End of the beginning – how Solar Foods is moving towards its 2030 vision

Man in a labcoat standing in front of machinery

Pasi Vainikka
CEO, Co-founder, Solar Foods

Many projects are moving forward in the world of Solar Foods. We expect to be able to tell you exciting news in the near future – but before that, it’s a good time to take stock and see where we currently are.

Strong funding foundation

Last month, we announced the credit agreement with Danske Bank Growth that brought an additional €15m to the funding of Factory 01. This was our single largest funding in the company’s history and finalised the financing of our first commercial-scale production facility.

The funding of Factory 01 now rests on four strong foundation pillars: Series A equity, the Finnish Climate Fund, the Pharmacy Pension Fund of Finland, and now Danske Bank Growth. It represents a major achievement for us, but is also a signal of Solein®’s enormous potential in the green transition.

It is quite unique for a start-up without any revenue to be able to find such a high-calibre cadre of investors to help get its operations off the ground. Industrial production requires major capital injections and thus, a different level of trust and vision from investors. Solar Foods is one of the rare companies to have pioneered this type of growth.

Factory 01: a strategic leap forward in cell-cultured protein

Factory 01 represents a major leap for Solein. With it, we will kickstart the commercial production of the world’s most sustainable protein, create revenue and take Solein to market.

However, the facility is also a strategic milestone for Solar Foods. It demonstrates our ability to take a previously unknown species from a petri dish to a bioreactor the size of a bus, where it will soon produce tens of thousands of tonnes of protein – bringing a new harvest for humankind. We are now able to draw a path of food production that starts from under a microscope lens and leads us to industrial-scale food production – and we can accomplish all of this under one roof.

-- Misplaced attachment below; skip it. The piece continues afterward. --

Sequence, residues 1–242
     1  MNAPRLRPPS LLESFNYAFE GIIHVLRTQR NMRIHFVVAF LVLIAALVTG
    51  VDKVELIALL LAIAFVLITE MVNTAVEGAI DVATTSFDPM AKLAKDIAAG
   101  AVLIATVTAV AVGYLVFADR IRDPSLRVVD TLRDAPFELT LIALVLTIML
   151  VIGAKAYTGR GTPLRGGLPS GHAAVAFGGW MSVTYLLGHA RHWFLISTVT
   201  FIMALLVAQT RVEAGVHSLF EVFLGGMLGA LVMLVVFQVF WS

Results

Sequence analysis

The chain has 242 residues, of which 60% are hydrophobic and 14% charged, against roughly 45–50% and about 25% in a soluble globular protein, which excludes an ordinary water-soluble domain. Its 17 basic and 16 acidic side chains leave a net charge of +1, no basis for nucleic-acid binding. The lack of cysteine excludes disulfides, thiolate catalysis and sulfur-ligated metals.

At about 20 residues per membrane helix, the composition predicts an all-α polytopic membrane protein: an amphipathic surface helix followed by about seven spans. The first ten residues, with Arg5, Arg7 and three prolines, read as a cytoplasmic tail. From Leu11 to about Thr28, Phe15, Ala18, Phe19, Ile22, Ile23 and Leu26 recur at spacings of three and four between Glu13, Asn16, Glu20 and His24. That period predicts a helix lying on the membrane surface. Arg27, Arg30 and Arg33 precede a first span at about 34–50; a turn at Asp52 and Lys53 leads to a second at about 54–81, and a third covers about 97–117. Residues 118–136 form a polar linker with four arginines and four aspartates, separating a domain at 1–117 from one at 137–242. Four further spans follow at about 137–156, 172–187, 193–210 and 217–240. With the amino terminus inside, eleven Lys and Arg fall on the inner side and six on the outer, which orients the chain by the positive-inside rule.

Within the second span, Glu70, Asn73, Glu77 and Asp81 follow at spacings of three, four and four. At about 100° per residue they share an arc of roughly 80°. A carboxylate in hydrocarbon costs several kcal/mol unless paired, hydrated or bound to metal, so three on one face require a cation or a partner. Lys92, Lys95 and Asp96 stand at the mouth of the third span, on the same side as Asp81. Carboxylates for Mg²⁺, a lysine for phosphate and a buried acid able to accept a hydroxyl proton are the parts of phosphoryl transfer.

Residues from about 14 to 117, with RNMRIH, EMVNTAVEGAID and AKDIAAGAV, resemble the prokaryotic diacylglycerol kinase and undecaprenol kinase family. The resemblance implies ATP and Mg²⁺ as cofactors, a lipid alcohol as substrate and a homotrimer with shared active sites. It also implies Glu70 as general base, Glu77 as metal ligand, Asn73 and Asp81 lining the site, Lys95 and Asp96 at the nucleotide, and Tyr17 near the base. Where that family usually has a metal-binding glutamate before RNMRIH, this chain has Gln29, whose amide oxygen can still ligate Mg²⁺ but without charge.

Of course, development won’t stop there: we don’t want to get ahead of ourselves, but we are already internally discussing and sharing thoughts for what Factory 02 will look like somewhere down the line.

Ready for key markets – anywhere on the planet

While industrial production already looms ahead, commercialisation will only truly take place once Solein is integrated into actual food products and starts appearing on market shelves. In this respect, it is difficult to say what the first commercial application will be because there are several opportunities.

We have tested Solein rigorously in various applications to ensure it will be a functional and versatile ingredient in a variety of foods. In our test kitchen, we’ve used it in non-dairy yoghurts, nutrition bars, sauces, spreads, as egg replacement in pasta, meat alternatives, drinks, fortifying the structure of noodles, and more. This portfolio of end-use applications is proving to be one of Solein’s key strengths.

Depending on where a food brand operates, there might be highly different expectations for a novel ingredient. Food trends and cultures differ across the world: the dishes and ingredients in a European supermarket are not the same as those in an Asian street kitchen. A good variety of end-uses will help commercialise Solein, but it will also support all kinds of local cuisines in a transition to a more sustainable future.

We submitted dossiers for Solein’s novel food authorisation on several key markets in 2021. No matter where the process first comes to fruition, we are well placed to move forward with local partnerships.

We’re living through a decade of fundamental change

Solar Foods was founded in 2017 and began operations in 2018. The food industry was in the middle of a transition then and this has just sped up during the past few years. Geopolitical crises, climate change and the COVID pandemic have created questions over how to secure a steady supply of quality nutrition for everyone, now and in the future.

A continued overreliance on animal-based proteins is not a sustainable path forward. The food industry is facing a Pearl Harbor moment, after which the world will never be the same. The question is: will we view this moment as a wake-up call to innovate and improve?

It’s inevitable that cell-cultured proteins such as Solein will be a part of daily meals by 2030. The shift will not happen overnight: novel food approvals and building production capacity both take time. But the share of alternative proteins will gradually increase.

The transition will happen in ways that most people might not even pay much attention to. Solein and other cell-cultured ingredients are, at their core, about empowering consumers to make choices that support a sustainable future. What we eat carries a lot of emotion and personal weight, but when your favourite meal can taste the same and just be made more sustainably with Solein, the commotion will diminish and make change easier.